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France has 'no intention' of withdrawing troops from Iraq, despite Iran threats

Iraq is in turmoil [Getty]

Date of publication: 7 January, 2020

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France said it has no intention of withdrawing its troops from Iraq as tensions escalate amid the killing of Qasem Soleimani.
France has "no intention" of withdrawing its troops from Iraq, a French government source confirmed to AFP on Tuesday, as tensions soar over the US killing of a top Iranian general in Baghdad.

France has contributed around 200 soldiers to the US-led coalition fighting the Islamic State group (IS), of whom 160 are tasked with training Iraqi military personnel, according to the defence ministry.

"Since Friday we have reinforced security for our French soldiers deployed in Iraq," Defence Minister Florence Parly tweeted Tuesday.

"The priority today is the same as it was yesterday and should be tomorrow: the fight against Daesh and its resurgence on the ground in the Middle East, and its propaganda on the internet," Parly added, using an Arabic acronym for IS.

The government source confirmed that there were no plans for a French pullout.

But the coalition's future in Iraq is uncertain after US President Donald Trump ordered a drone strike that killed Qasem Soleimani, leader of Iran's foreign military operations, in Baghdad last Friday.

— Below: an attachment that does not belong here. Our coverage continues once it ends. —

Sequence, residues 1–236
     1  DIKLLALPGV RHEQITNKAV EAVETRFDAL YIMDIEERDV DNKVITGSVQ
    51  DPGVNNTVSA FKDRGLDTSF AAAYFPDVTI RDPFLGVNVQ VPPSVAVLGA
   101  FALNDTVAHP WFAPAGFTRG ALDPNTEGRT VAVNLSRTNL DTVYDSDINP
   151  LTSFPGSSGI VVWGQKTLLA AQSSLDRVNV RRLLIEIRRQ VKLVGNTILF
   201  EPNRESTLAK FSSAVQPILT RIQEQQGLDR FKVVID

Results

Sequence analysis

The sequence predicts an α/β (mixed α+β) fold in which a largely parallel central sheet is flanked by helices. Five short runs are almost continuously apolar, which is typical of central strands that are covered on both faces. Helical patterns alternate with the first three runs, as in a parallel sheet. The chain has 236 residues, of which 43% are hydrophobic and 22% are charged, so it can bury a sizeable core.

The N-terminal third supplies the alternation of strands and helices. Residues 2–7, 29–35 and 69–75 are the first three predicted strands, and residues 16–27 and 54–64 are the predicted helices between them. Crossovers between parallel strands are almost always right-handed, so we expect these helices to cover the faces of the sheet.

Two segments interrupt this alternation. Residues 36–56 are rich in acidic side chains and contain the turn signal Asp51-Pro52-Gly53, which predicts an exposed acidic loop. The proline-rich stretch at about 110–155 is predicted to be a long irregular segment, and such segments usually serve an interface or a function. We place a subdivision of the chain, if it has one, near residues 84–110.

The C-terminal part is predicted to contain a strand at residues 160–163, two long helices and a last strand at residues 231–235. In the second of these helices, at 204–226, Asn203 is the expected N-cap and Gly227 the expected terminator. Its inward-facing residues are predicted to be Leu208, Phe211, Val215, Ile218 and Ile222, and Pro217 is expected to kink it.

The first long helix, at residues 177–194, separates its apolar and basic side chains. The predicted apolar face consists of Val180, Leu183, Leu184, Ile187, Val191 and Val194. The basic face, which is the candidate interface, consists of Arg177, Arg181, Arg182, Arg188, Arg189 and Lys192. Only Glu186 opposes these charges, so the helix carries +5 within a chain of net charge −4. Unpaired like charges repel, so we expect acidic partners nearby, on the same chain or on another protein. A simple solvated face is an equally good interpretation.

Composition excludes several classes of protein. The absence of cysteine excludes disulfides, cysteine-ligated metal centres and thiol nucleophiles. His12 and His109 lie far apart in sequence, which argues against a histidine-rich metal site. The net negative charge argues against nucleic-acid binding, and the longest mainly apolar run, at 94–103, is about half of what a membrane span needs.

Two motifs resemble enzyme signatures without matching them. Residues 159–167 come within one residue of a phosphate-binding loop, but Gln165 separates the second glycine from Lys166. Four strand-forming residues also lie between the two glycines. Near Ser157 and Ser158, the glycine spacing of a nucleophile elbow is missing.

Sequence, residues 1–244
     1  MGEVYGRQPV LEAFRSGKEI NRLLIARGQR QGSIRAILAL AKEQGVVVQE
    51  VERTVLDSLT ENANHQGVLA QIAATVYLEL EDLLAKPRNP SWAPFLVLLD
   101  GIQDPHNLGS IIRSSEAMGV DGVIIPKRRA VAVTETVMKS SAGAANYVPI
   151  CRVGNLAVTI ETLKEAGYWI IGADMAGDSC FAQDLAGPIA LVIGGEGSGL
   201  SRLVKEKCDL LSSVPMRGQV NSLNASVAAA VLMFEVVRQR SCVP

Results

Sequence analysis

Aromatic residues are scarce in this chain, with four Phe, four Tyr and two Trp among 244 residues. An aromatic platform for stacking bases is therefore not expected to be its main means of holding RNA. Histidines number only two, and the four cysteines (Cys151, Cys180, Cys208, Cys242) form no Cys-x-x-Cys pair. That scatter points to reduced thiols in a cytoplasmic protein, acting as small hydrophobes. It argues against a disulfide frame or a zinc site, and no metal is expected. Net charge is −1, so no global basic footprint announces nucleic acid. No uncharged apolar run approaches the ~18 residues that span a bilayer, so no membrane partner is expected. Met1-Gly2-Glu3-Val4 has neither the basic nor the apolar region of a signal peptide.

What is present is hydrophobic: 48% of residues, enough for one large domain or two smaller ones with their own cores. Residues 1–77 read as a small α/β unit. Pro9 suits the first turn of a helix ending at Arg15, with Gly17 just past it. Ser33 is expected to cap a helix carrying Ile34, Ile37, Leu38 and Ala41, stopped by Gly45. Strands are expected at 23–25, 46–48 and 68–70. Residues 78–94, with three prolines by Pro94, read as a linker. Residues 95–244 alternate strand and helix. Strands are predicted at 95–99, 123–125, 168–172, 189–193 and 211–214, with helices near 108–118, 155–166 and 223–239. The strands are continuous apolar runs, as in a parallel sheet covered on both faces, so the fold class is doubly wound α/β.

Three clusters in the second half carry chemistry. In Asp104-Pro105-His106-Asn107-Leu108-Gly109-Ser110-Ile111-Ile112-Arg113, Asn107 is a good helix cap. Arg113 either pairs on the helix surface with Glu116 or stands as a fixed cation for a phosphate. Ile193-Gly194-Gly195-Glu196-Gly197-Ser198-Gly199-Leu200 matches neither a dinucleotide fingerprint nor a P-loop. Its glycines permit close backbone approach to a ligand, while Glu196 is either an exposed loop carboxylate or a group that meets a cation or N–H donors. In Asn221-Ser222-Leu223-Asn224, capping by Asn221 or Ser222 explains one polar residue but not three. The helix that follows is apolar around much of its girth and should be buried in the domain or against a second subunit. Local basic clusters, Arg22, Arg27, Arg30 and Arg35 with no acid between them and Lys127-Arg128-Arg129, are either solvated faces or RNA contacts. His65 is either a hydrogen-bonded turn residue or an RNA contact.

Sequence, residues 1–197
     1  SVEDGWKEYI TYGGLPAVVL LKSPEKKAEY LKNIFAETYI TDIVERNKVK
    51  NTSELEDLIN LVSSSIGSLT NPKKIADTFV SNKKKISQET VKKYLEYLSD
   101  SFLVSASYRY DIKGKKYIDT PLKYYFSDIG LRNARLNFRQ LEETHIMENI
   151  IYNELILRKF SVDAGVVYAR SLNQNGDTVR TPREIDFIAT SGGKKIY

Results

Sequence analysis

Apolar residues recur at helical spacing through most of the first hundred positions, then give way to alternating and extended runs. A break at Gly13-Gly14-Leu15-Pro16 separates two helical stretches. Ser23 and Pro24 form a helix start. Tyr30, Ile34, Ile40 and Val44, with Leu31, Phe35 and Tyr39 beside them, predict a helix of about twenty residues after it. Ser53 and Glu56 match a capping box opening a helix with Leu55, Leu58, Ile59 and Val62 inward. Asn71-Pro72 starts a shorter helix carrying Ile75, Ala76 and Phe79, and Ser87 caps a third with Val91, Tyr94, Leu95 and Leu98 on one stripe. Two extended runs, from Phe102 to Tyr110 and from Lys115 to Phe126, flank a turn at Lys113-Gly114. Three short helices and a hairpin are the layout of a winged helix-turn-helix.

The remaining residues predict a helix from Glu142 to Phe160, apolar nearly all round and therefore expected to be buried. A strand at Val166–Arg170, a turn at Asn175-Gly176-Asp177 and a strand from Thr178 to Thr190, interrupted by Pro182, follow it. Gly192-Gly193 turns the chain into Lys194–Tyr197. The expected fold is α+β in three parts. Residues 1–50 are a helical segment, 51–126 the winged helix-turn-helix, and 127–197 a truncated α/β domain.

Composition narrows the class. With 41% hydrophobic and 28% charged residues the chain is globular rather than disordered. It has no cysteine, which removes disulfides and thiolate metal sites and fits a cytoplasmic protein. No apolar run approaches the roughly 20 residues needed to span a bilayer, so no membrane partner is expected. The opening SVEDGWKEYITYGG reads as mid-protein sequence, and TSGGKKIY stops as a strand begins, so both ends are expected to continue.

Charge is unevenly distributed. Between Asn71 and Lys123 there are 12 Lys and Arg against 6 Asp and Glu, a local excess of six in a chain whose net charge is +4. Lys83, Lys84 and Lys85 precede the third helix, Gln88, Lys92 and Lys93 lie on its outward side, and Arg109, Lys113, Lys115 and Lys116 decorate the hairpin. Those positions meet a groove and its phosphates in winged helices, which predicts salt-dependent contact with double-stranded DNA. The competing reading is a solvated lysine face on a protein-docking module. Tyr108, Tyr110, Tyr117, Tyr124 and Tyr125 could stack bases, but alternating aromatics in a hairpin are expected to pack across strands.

Read more: Iraq parliament demands foreign troops expulsion after Soleimani killing

Adding to the confusion were reports that an American general had mistakenly informed the Iraqi government that his troops were preparing to leave, requiring a hasty clarification from the Pentagon.

Overall, France has around a thousand soldiers based in the Middle East region as part of Operation Chammal, the French component of the anti-IS coalition.

Germany, on Tuesday, said it had temporarily withdrawn some of its troops deployed as part of the anti-IS coalition in Iraq. NATO also said it is taking "some personnel" out of the country because of increased risks to their safety.

An official from the defence union said other mission personnel were being moved to other parts of Iraq, and emphasised that "NATO maintains a presence".

The alliance plans to resume its training there "when the situation permits".

He declined to give details on how many personnel were being moved or to where.

"The temporary repositioning of some personnel" was "to different locations both inside and outside of Iraq.

"To protect the safety of our personnel on the ground, we cannot go into operational details," he said.

Romania's defence ministry said separately that its 14 soldiers taking part in the NATO deployment "will be temporarily relocated to another coalition base".



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